A £180,000 feasibility study, jointly funded by the Arts Council and Advantage West Midands, is due to be completed in February.
“The Art Fund scheme has really been quite visionary, and the West Midlands is recognised as being particularly active,” says Jonathan Watkins. “It was always part of the thinking that if the museum happened the collection would be part of that, so that what you see now would be shared by all of us.”
It is unlikely that ownership of the collection would be transferred to a new museum, but in times of austerity when museums are increasingly looking at new ways of collaborating, there could be new models for sharing collections and exhibition spaces.
In October Ikon published a prospectus for the new museum, provisionally called Ikon 2. It envisages that an expanded version of its current Eastside outpost would become a transitional stage. Housed in a converted industrial building, it would draw on the Library of Birmingham’s huge photographic archive as well as the Art Fund collection for its displays.
At a time when the arts, like all areas of public spending, are facing unprecedented cuts it might seem eccentric to be planning expensive new cultural facilities, but Jonathan Watkins argues that the city needs to be planning long-term, beyond the next economic cycle, if it is to realise its international aspirations.
“We were recently voted the city with the lowest IQ in the UK. Birmingham is not going to impress the outside world until it gets the culture right. People don’t go to cities just to work, eat and shop.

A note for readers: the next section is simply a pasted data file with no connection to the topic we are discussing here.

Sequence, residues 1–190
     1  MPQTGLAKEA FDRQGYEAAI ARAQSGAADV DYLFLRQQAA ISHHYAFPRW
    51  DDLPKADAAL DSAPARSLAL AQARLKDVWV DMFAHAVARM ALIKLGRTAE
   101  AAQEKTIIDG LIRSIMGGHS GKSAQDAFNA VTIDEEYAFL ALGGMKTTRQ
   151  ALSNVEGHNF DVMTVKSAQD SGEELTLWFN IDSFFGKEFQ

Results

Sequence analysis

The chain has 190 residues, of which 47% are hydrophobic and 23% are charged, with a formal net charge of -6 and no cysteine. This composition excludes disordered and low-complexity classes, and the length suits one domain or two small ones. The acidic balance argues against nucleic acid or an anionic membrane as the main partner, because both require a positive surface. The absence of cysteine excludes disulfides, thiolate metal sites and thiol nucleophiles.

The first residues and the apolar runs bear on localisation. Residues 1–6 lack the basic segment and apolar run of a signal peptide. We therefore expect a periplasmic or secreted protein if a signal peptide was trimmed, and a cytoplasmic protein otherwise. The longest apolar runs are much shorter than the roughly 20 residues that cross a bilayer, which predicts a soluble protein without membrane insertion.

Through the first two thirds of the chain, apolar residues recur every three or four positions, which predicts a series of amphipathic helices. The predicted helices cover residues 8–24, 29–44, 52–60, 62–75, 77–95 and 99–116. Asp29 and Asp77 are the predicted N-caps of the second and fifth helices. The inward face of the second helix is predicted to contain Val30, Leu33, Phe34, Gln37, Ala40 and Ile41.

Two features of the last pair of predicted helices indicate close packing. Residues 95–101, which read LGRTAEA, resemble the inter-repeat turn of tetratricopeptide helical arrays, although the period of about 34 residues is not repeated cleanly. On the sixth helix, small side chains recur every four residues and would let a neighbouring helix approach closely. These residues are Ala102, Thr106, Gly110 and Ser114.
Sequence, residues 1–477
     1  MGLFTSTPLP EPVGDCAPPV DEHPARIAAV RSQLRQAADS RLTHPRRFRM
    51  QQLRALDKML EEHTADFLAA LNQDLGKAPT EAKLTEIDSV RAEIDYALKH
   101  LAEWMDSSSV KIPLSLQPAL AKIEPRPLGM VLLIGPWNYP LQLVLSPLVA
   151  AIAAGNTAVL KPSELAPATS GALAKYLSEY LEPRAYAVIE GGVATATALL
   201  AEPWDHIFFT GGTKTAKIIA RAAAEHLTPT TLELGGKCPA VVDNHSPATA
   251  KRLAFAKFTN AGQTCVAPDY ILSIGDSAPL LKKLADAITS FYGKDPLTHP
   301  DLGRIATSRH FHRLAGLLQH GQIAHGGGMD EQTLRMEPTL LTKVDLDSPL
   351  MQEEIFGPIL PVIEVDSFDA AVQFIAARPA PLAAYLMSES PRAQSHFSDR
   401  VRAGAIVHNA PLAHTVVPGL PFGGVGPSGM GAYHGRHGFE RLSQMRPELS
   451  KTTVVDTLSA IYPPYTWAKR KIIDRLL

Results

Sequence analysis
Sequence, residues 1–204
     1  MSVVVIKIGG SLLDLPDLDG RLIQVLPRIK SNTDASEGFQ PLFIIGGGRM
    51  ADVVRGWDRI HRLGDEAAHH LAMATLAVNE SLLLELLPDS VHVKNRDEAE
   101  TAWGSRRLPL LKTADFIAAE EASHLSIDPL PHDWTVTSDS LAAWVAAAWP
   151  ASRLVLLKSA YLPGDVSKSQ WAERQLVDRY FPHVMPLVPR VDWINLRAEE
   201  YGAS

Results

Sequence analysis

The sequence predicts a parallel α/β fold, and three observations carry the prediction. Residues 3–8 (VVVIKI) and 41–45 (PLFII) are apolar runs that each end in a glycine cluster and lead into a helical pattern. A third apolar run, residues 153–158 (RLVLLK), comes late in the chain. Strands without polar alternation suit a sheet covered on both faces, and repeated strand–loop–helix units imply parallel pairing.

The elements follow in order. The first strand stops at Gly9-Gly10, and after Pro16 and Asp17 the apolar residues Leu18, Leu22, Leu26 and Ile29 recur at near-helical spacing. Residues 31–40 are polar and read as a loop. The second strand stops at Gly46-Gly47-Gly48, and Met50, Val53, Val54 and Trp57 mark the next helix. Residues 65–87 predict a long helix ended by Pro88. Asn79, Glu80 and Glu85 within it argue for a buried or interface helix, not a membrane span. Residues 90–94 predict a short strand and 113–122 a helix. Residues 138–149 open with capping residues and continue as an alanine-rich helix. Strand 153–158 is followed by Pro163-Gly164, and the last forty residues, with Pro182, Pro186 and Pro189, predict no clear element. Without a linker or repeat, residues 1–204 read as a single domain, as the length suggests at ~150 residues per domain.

“The museum will be regenerative, it will make it a cooler place, in the way Tate makes London a cooler place – the kind of place you feel proud to be from. It will make Birmingham more interesting for graduates, more interesting for people who want to relocate.
“What’s going to stop them from going to Manchester, Liverpool, Edinburgh or Glasgow? Manchester is thinking at the moment about a massive capital project to revamp the Cornerhouse gallery. It’s invested in culture in a way Birmingham hasn’t in recent years, and and it’s impressing the world to the point where they are under the misapprehension that it’s the second city.
“Birmingham needs to be more adventurous – not reckless, but adventurous. Look at what the ICC and Symphony Hall did for the city. This is another chapter.”
* Metropolis is at the New Art Gallery, Walsall, until December 23 (Tue-Sat 10am-5pm, Sun 11am-4pm), New Art Now is at Birmingham Museum & Art Gallery until Feb 13 (Mon-Thur, Sat 10am-5pm, Fri 10.30am-5pm, Sun 12.30pm-5pm).